We can use drones to get in and learn more about active gas volcanoes

An overhead view of a volcano crater in East Java, Indonesia. credit: shutterstock

Volcanic eruptions cannot be predicted with 100% certainty. However, the details of an upcoming eruption can be estimated using the hot, foul-smelling gases produced by the volcano.

These gases provide clues about the timing, duration, or intensity of upcoming eruptions that can help Local authorities Determine if and when surrounding communities need to evacuate.

On average, there Up to 50 volcanoes Actively erupt on the planet at any time. It is likely that many of these volcanoes spew hot gases – such as steam and Carbon Dioxide—from lava. Synthesizing these gases is key to understanding the mysterious ways volcanoes, but they can be dangerous.

Currently, Drones make it safer And easier than ever.

gas volcanoes

For the better part of the past decade, I’ve been visiting such gas volcanoes regularly to capture them before, during, or after an eruption.

I’ve worked with other scientists and engineers Measurement of volcanic gases With a variety of devices connected to the drones.

Our latest research uses drones to Capturing volcanic carbon dioxide at the Boa volcano in Costa Rica. We measured the carbon isotopes of carbon dioxide and discovered a pattern in the way that chemical fingerprints change during different stages of activity.

Unique carbon makeup

Carbon dioxide is everywhere: in the air we exhale, in vehicle exhaust – and dissolved in magma. At volcanoes, magma escapes to the surface through fissures and hydrothermal systems (such as geysers in Yellowstone National Park), by seeping through the soil or by blowing into a column of gas.

By getting a sample of this volcanic carbonwe can measure the stable carbon isotope ratio, a unique chemical formula that reflects the source and pathway of carbon dioxide2 took the surface.

All volcano All over the world produce a unique set of these Carbon isotopes that change when the volcanic system changes.

However, it took a long time to collect each sample when the researchers needed to hike into the crater, putting them at risk every second they remain in the danger zone. With the development of unmanned aerial systems (UAS, also known as drones), researchers have begun to send these machines into danger zones.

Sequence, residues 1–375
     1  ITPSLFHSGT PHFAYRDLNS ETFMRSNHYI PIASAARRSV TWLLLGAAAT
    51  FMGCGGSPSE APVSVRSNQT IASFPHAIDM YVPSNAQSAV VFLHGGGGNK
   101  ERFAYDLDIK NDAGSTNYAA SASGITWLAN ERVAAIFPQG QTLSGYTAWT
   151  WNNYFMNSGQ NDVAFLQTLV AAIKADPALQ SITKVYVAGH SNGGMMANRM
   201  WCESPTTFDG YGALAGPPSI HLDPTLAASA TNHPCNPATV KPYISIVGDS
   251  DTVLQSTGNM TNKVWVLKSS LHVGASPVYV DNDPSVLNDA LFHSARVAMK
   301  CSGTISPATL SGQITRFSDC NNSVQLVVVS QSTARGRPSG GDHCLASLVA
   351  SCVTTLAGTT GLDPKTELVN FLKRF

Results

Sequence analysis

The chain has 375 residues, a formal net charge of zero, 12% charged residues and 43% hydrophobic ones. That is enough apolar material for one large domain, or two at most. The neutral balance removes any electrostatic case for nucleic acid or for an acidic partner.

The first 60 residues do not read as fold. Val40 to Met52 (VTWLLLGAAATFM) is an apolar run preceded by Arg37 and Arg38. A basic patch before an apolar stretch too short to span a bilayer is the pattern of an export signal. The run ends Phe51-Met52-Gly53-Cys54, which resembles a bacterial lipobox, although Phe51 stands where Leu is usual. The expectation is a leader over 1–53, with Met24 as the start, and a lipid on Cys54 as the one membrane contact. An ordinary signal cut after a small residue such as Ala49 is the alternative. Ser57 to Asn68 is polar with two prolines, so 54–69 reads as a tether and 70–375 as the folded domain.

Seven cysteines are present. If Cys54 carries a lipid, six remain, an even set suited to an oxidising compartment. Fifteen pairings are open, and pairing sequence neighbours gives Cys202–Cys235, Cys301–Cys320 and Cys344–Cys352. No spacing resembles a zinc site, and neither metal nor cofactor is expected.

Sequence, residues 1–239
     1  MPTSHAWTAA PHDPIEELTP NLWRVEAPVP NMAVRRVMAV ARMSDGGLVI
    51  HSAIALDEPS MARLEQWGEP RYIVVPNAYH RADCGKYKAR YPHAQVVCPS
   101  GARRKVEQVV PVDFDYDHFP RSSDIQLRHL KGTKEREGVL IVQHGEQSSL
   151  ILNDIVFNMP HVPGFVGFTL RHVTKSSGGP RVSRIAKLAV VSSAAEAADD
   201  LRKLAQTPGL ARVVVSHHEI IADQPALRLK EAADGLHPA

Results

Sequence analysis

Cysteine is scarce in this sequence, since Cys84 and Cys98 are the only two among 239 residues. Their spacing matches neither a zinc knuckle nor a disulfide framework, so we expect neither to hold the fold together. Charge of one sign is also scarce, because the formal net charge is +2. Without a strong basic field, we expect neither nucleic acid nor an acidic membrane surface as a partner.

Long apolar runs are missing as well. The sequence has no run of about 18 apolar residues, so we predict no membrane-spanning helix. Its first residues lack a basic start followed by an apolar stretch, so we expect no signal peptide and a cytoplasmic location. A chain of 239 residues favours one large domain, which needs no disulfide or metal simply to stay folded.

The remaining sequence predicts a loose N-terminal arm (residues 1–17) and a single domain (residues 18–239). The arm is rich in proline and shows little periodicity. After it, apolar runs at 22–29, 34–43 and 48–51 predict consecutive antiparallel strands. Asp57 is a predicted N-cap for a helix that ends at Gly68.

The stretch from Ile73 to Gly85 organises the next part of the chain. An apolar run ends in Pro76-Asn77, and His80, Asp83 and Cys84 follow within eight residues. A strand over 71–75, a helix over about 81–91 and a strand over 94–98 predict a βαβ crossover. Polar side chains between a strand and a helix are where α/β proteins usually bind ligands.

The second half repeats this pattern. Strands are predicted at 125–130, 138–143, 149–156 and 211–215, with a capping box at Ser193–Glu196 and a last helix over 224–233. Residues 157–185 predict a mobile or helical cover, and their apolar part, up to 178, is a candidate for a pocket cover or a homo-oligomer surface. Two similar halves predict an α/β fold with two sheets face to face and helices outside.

We can use drones to get in and learn more about active gas volcanoes

A drone equipped to sample volcanic gas captures carbon dioxide. Credit: Fiona Darcy, author provided

Use of drones

To do this, we used switches and electronic parts to connect the gas sensors to the communications systems on board the drones. volcanic carbon dioxide2 It would be sucked up through a series of tubes with the help of a pump and sensors that would send a signal to the pilot when we got into the gas column. With the click of a button on a key remote controlthe pilot can choose – from a safe distance— When and where to collect the gas sample.

We arrived in Costa Rica in April 2019 with our shiny new drone installation, which we launched over the edge of the Poás Volcano and which crashed almost instantly. Fortunately, our team came up with a quick fix for the second drone – a pump and switch hanging from the drone in a wash bag. It worked flawlessly.

To avoid further losses, we approached the hole and assembled our group just above it. Later that day, we looked at the stable isotopes of carbon in the drone samples and in samples we took from Earth. After we accounted for mixing with normal air in the drone samples, the results were strikingly similar. Our drone assembly worked!

pattern appears

When we started compiling our data using all of the carbon isotopes that had been measured at Poás volcano in the past, we noticed a trend in how the isotopic balance shifted when the volcano was behaving differently.

During volcanic phases, when Poás was making wet eruptions releasing extremely hot, sulfur-rich gas, the carbon isotopes declined to lighter values. Meanwhile, during the quieter phases When the volcano was closedisotopic equilibrium increased to heavier values.

With this new vision, we can look back even more and bring our data together Isotope data from an older activity. We have seen that this pattern has been repeating itself, with carbon isotopes alternating between heavy and light values ​​over the past 20 years of activity in Poás. There were relatively heavy values ​​when the volcano was closed and there were relatively light values ​​when the volcano was open.

We now have a blueprint for warning signs to look out for in the future Carbon isotopes Sampling this volcano as it prepares to erupt.

future research

Thanks to drones, we’ve captured the first of carbon dioxide2 From the Poás volcano since 2014. The volcanic gases before our work were sampled manually by brave volcanologists climbing into the Poás crater. These campaigns were few and far between.

Hopefully with the start of gas pickup Dronesand carbon dioxide in volcanoes Frequent sampling can be started. This will fill in the gaps in the timeline and help us understand and predict volcanic eruptions.


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